President Biden recently announced a long anticipated Federal Student Loan forgiveness program that has stirred considerable debate. Several clients and friends, knowing that the issue is something I deal with professionally every day, have asked for my thoughts on the matter and so here they are.
In my law practice we focus on “what can we do today?” to achieve positive outcomes for clients. We navigate current laws to benefit our clients to the greatest extent possible. Arguing to the court what the law should be benefits our clients little. Trial judges don’t make laws any more than we do. They too must follow laws that do not make much sense or that no one agrees with. Accordingly, our client work is always about what can we do right NOW to make things better for our clients TOMORROW.
In the course of that work, one gets a “boots on the ground” view of what is really happening and naturally provides some experiences and insights that most people do not have the benefit of. This “front seat” vantage point of the carnage that is student loan debt, inevitably compels one to focus on real world solutions that can have an impact TODAY.
The financing of higher education in general, and student loan debt resolution specifically, is a very complex issue. Student loans have been around for over 50 years and there have been many changes to them over that time. They have morphed into something almost unrecognizable from the student loans I got over 40 years ago. The hot topic today is “fairness” and interestingly, much of what I am promoting here is simply a return to the “fairness” that previously existed for federal student loans and has always existed for other types of debt.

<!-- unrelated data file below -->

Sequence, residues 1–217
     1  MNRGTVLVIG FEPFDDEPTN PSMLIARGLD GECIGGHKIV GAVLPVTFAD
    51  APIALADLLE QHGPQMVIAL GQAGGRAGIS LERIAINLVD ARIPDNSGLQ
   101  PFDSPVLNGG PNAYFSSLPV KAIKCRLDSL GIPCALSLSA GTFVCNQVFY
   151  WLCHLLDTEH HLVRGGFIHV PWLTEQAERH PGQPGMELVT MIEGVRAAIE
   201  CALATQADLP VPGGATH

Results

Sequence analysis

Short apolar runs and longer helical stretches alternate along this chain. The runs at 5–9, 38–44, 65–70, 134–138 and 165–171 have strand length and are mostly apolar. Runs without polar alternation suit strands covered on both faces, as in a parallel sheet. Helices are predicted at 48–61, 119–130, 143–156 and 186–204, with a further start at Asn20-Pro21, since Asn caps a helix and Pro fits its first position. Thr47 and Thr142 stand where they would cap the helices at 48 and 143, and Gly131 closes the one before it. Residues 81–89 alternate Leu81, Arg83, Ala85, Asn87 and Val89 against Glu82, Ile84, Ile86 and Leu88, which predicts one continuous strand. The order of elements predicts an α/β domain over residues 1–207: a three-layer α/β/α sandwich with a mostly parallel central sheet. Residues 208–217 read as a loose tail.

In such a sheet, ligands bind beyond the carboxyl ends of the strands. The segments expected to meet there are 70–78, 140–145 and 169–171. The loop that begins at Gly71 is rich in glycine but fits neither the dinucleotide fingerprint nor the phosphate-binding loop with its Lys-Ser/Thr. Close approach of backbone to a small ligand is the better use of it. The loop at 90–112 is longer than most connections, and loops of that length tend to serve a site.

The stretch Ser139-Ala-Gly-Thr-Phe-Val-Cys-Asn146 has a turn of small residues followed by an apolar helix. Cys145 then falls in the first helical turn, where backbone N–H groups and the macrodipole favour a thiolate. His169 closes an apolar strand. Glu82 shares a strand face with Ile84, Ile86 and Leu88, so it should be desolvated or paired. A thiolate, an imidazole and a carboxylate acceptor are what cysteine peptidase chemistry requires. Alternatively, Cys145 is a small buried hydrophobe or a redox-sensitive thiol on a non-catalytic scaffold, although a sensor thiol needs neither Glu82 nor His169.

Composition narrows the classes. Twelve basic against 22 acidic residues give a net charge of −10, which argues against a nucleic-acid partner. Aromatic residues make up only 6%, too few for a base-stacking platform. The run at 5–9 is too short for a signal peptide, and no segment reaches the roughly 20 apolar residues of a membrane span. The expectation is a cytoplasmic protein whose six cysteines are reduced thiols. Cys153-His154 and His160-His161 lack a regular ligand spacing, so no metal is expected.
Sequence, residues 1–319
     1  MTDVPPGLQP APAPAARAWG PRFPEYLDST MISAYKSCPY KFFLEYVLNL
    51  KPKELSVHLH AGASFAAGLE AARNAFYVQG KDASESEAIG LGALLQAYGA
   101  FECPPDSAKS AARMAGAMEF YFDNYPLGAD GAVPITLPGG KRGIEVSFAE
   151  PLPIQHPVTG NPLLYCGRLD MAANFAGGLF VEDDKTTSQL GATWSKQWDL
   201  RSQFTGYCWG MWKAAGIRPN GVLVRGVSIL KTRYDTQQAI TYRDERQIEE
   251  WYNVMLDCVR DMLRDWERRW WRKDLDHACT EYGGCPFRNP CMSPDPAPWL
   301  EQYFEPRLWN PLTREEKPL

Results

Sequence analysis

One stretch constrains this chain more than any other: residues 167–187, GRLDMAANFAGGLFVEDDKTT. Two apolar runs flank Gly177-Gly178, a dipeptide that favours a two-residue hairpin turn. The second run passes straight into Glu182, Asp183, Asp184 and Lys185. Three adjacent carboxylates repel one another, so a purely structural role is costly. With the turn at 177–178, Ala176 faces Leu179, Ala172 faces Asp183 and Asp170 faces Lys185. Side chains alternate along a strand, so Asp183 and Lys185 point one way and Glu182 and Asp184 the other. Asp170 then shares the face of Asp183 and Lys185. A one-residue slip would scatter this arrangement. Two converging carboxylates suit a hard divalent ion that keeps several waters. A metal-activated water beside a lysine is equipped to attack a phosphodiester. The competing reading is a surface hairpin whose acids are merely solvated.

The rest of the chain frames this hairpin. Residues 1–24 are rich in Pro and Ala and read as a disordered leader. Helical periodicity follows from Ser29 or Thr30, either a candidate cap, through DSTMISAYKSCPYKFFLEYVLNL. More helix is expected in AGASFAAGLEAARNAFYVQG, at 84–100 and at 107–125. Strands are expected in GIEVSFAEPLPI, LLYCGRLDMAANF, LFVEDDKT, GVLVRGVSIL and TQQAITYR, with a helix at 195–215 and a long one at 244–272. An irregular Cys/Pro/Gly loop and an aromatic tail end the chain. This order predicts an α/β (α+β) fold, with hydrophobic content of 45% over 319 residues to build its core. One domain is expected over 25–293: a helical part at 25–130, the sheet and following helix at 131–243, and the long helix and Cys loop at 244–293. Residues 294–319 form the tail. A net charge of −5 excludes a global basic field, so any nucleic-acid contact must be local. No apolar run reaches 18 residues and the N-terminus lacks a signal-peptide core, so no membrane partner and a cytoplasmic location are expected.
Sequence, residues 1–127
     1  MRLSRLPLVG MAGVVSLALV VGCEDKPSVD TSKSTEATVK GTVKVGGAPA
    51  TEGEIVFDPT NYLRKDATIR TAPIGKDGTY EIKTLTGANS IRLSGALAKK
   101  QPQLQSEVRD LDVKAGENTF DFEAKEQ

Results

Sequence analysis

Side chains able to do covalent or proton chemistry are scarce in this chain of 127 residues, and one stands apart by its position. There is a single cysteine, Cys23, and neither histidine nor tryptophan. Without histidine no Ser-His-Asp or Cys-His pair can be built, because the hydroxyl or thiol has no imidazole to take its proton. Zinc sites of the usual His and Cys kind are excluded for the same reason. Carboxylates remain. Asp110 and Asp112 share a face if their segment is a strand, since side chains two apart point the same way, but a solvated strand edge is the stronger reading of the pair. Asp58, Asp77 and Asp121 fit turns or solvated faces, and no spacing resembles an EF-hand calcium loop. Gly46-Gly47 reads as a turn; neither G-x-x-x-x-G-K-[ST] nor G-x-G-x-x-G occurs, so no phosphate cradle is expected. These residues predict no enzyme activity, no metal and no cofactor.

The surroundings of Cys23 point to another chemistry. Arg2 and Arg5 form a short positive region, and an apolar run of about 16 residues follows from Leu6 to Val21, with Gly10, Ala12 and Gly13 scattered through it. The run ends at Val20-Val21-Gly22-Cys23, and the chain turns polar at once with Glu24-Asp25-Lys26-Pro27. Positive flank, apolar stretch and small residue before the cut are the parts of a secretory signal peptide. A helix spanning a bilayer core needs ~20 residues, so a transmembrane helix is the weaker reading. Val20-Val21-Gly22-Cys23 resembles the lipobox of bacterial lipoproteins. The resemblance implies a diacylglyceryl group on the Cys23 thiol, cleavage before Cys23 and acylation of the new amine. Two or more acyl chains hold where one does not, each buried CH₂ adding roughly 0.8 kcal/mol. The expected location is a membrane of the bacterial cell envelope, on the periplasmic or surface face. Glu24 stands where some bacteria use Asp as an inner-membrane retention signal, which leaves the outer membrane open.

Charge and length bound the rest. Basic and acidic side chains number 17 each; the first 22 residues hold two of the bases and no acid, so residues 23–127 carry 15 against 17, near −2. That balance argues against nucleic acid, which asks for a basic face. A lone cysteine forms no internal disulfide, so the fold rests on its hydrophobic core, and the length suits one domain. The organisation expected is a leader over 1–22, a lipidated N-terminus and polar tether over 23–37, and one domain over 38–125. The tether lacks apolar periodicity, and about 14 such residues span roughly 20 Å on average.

So here are four specific, concrete steps that can be taken to better manage and resolve student loan debt. Like most favored solutions they are quite simple. I also think they would be universally accepted by most Americans. To be sure, they are not going to solve all problems, but they are four simple straight forward steps in the right direction that can be implemented quite easily.
- Certain types of income such as social security, VA, and other similar benefits should be exempt from being attached when a student loan debtor defaults. Private lenders cannot get these funds under any circumstance and nor should the federal government. I suspect that most Americans don’t even know this, but the federal government can take grandma’s social security benefits to repay federal student loans. Stop this right now. I doubt there would be much disagreement about this among the American people.
- Apply a statute of limitation to federal student loans (they already apply to private student loans). [For those that do not know what a statute of limitation is: it is longstanding law that requires anyone with a claim against another, to assert it within a certain period or lose the ability to make the claim]. I’m willing to bet that most Americans have no idea that the federal government can pursue student loan repayment at any time for the rest of the student loan debtor’s life. This was not always the case. In the 90’s the statute of limitation for most federal student loans was removed, and this dramatically and fundamentally changed the loans. Put it back in place. Again, I’m willing to bet that most Americans would have no problem with this. Even taxes have a statute of limitation.
- To those that qualify, make bankruptcy available to student loan debtors (federal and private) like they were previously! In 2005 the federal government took away this right for 99.9% of all bankruptcy filers. Bring it back. Make it harder to discharge than credit cards if you want but make it available to those that qualify. Any lender will lend to just about anyone if that borrower can’t file bankruptcy on them. Add to this the ability to pursue the borrower forever, AND the ability to seize government benefits like social security, and lenders will underwrite ANY loan to ANY borrower. This change would be so easy and quick because it previously existed a mere 17 years ago. The result would be people who are genuinely in financial distress would get relief. Again, most Americans will accept that if you qualify for and follow the bankruptcy process and bear the consequences of that, student loan debt can be and should be, discharged or “forgiven”.